Pubcaster to offer 2,500 hours of Games programming online

LONDON — Digital streaming may finally come of age for the BBC during the London Summer Olympics.

While the Opening Ceremony on July 27 is expected to be watched by more than 1 billion TV viewers around the world, millions will be watching the Games on their smart phones, tablets and laptops.

“At the (2004) Athens Olympics, people had to be near their TV sets to watch the action. In 2012, that no longer applies,” says Roger Mosey, the BBC’s director of London 2012. “Online demand will be huge, because people expect to have the Games wherever and whenever they want them.” In the U.K., the Olympics will be available on 24 BBC on-demand HD digital channels in addition to blanket coverage on BBC1 and BBC3 — squeezing the most value out of the £60 million ($93.7 million) the pubcaster paid for the Games.

Overall, the BBC is promising 2,500 hours of live online sports programming out of an estimated 3,000 hours of competition. This is more than double the 1,200 hours provided from the Beijing Olympics four years ago. At Athens in 2004, the BBC served up online sports at an Olympics for the first time, amounting to 1,000 hours of live coverage.

The boom in tablets and 4G networks means more sophisticated mobile-streaming devices are available. “That wasn’t the case four years ago,” says Mosey, who predicts that London 2012 will do for BBC’s digital operations what the 1936 abdication of Edward VIII did for its radio service and the 1953 coronation of Elizabeth II did for its TV ops.

Adds Stuart Knapman, senior director of Essential Research: “The tablet makes watching sports on the go a realistic option rather than an inconvenient novelty.”

On both sides of the Atlantic, broadband speeds are not only faster than in 2008, but penetration levels have improved: In the U.S., levels have risen from 60% in 2008, to an estimated 70.3% by the end of 2012, according to IHS Screen Digest; in the U.K., the figure was 60% in 2008, and that’s likely to grow to 73% by the end of 2012.

Taking advantage of the tech boom, NBCU, which holds U.S. rights to the Games, for the first time will stream coverage from every event — and offer some 3,500 hours in total, including awards ceremonies, multiple streams and highlights coverage.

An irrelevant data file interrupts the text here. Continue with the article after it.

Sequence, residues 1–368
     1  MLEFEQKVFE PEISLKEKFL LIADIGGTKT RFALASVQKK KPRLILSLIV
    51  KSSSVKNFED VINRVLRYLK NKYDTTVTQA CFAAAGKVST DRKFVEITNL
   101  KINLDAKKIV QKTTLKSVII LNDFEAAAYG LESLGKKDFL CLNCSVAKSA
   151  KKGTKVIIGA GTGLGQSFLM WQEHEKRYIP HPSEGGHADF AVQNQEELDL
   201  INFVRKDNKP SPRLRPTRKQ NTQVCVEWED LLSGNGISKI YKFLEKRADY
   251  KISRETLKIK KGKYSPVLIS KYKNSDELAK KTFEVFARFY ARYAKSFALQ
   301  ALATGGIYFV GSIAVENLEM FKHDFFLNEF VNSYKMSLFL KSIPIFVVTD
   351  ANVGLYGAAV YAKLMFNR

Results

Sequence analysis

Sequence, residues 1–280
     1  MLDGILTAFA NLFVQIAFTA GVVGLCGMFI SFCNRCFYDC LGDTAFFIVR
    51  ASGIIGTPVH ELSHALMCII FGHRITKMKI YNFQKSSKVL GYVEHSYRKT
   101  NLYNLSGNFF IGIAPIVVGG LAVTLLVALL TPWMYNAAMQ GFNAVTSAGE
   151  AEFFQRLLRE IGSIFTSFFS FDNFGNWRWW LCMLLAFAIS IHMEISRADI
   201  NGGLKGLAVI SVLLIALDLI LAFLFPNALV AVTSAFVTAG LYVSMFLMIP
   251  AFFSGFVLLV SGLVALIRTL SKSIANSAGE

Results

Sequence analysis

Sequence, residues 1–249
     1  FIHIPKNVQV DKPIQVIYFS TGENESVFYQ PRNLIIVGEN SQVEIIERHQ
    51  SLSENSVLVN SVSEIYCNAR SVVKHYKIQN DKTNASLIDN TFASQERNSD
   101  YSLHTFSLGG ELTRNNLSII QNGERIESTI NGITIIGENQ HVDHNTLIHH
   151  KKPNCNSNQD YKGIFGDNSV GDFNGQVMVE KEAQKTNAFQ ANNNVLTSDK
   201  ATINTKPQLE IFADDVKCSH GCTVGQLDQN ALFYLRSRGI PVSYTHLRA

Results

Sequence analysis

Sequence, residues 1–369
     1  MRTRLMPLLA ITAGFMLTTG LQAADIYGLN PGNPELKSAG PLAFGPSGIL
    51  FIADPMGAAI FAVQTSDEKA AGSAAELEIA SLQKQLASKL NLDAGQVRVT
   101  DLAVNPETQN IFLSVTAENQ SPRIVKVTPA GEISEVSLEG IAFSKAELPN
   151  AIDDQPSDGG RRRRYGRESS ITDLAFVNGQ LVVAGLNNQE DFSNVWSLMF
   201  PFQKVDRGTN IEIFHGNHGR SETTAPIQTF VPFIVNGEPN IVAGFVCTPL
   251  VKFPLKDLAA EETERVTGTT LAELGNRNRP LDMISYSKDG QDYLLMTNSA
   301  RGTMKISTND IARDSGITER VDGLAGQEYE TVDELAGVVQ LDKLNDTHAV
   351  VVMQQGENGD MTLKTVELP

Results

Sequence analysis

The Intl. Olympic Committee will alsostream live coverage in HD over its own YouTube channel to 64 countries, an upgrade over 2008, when it provided clips only. The IOC’s YouTube channel will offer more than 2,200 hours of event coverage from London, including all the medals finals.

Other broadcasters around the world also will provide streaming coverage of the Games.

In the U.K., Tim Westcott, senior TV analyst at IHS Screen Digest, expects a lot of viewing on tablets and cell phones in the workplace. “People like watching sports live,” Westcott says.

The BBC is also providing a free, dedicated mobile app offering video and live results. (Another free ap, from the London Organizing Committee of the Olympic and Paralympic Games, will help visitors to the U.K. capital organize their visit.)

None of this is to suggest TV viewing will be marginalized for the 17 days of the Games, particularly with BBC1 and BBC3 devoting their entire skeds to the Games. Still, the 500 or so hours of live sports the pubcaster is gearing up for on TV is dwarfed by the amount of online coverage. “Online gives us so much more capacity,” says a BBC spokesman.

Overall, some 21,000 accredited broadcasters and journalists, the vast majority from outside the U.K., have begun to arrive in the British capital to prepare for what is certain to be the most digitally active Games ever.

NBCU’s contingent totals 2,700, according to John Fritsche, NBCU senior veep for Olympics operations.

At the Opening Ceremony, the BBC, NBCU and Japanese pubcaster NHK will have their own cameras, as well as pool cameras, and for the first time at an Olympics, there will be a live 3D feed.

Danny Boyle, who is masterminding the opening extravaganza, will direct the Olympic Broadcasting Services’ cameras. The OBS will film the show and provide a live feed augmented by pictures tailored for the U.K., the U.S. and Japan.

“Logistically the Opening Ceremony is quite challenging,” Mosey says.

The BBC is making 24 live on-demand HD feeds to paybox rivals BSkyB and Virgin, as well as to the free-to-air Freeview and Freesat platforms.

This is apparently in part to convince the IOC, with which it has yet to secure rights to the 2016 Games in Rio de Janeiro, that it is determined to make the Games available to as wide an audience as possible in the U.K.

Viewers in the U.K. looking to find alternative programming to the Games will have to go to BBC2 and BBC4, with even flagship soap “EastEnders” shunted to BBC2 for the duration of the Olympics.

Westcott rejects the idea that the Beeb could be guilty of Olympics overkill.

“The BBC wants to pull out all the stops. After all,” he says, noting the Games’ last visit to the city in 1948, “a London Olympics is an event that only comes along every 60 or 70 years.”

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